“Pinterest seems a way for the social media strategy to involve more of the customer and the community,” Tristano says. “Instead of pushing out from the company, this is trying to draw customers in to be part of it, to have a shared experience.”
Don’t Forget Boomers
While focusing on Millennials is all the rage, many restaurant operators also understand that Baby Boomers still make up a lot of the nation’s buying power. Members of the generation are looking to dine at places that feature unique flavors and provide plenty of value.
“It’s really the Boomers and those over 65 that are keeping the [restaurant] industry from experiencing a decline,” NPD’s Riggs says. “Boomers are increasing their visits to all restaurant types, but particularly quick service … and fast casual.”
Of course, younger diners typically will be the first to hear about new and exciting limited-service restaurants.
“The Millennial kid knows where the cool stuff is and will tell mom and dad to try it,” Abbott explains. “They are more tapped into the social network. But the parents are increasingly curious to try new places. In the past, that may not have been so.”
Exploring the IPO
One major quick-service restaurant company went to market this year with a big stock deal, while another chain’s plans to go public didn’t get off the ground.
Burger King took its crown back to Wall Street. The Miami-based company’s shares began trading publicly through an unusual deal in which investment firm Justice Holdings paid $1.4 billion to acquire a 29 percent stake from owner 3G Capital.
CKE Restaurants, the Carpinteria, California, parent of Carl’s Jr. and Hardee’s, had planned a $200 million public offering but delayed it. Concerns were raised about the impact of required health-care costs and rising commodity prices.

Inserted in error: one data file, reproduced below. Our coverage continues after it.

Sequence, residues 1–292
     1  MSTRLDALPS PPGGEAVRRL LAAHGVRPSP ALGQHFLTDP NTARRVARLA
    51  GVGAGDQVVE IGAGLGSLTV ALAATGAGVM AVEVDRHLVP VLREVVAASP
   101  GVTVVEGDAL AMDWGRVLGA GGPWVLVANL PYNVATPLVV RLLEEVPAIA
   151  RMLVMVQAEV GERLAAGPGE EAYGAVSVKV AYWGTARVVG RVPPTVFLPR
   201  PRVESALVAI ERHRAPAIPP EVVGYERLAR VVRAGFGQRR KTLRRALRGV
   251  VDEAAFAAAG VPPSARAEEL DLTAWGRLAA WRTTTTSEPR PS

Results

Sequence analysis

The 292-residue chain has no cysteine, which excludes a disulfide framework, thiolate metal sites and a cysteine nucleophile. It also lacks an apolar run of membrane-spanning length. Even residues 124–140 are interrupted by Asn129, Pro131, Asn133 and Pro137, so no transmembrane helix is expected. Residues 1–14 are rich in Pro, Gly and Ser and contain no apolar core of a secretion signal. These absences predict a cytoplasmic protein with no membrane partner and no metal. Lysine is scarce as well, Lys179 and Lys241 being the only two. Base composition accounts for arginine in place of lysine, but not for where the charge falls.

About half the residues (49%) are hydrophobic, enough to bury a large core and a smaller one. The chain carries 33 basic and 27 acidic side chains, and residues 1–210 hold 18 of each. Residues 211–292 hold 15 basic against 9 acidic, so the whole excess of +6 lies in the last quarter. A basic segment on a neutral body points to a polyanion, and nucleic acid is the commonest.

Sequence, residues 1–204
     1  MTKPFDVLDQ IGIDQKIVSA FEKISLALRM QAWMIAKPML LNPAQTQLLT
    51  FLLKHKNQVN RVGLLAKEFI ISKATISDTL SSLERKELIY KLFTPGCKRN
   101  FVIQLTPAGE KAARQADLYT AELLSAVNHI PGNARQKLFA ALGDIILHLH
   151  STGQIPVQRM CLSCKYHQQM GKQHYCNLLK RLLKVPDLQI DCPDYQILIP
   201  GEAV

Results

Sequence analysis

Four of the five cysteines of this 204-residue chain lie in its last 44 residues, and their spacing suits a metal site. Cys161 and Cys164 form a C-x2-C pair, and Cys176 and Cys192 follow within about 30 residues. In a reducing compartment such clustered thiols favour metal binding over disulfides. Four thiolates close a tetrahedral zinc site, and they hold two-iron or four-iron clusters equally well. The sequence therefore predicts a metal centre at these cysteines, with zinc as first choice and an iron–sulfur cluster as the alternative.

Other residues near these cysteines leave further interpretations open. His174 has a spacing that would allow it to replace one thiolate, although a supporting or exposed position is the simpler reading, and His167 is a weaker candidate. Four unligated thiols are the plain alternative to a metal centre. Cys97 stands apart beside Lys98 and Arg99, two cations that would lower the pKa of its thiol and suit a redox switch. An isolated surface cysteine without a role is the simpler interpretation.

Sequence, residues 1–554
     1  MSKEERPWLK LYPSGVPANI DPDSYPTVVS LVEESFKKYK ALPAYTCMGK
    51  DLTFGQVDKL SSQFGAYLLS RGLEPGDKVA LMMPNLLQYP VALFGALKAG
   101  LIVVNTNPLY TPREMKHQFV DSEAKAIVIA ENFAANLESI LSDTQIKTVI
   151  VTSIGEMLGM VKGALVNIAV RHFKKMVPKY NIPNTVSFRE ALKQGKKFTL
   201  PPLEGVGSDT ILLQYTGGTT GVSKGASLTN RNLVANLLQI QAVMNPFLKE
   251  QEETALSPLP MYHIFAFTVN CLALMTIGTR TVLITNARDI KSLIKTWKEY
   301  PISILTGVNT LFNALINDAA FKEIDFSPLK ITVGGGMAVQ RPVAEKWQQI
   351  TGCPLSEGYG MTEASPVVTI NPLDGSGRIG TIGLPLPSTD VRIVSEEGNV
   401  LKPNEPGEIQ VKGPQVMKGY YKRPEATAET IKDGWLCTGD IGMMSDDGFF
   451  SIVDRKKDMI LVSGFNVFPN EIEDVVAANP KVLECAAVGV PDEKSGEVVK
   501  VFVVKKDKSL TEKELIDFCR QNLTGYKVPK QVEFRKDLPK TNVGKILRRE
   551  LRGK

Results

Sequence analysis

“The market was willing to give restaurant companies a premium valuation early in the year,” says R.J. Hottovy, restaurant industry analyst with Morningstar in Chicago. “A lot of them were operating at peak margins. Since then, there have been some concerns about the industry’s fundamentals.”
Brand Evolution Continues
Quick serves are always tweaking their images, but there were some major changes in store for menus at some larger chains in 2012.
One of the most notable chains to do this was Burger King, where an array of new menu items, including smoothies, salads, chicken wraps, and specialty coffee drinks, were added to broaden the brand’s customer base. That was the first part of a four-pillar, $750 million strategy Burger King announced in the spring.
Taco Bell also welcomed major menu innovations. The Irvine, California–based brand launched the highly successful Doritos Locos Tacos, featuring shells made with the taste and flavor of Doritos snack chips. Then the chain rolled out a Cantina Bell line of upscale burritos, bowls, and sides created by noted chef Lorena Garcia.
Taco Bell also introduced breakfast at about 800 West Coast locations.
“What Taco Bell has done is a testament to product innovation,” says restaurant analyst Hottovy. The chain “remains in its core competency, broadens its appeal, and takes the pricing point upward.”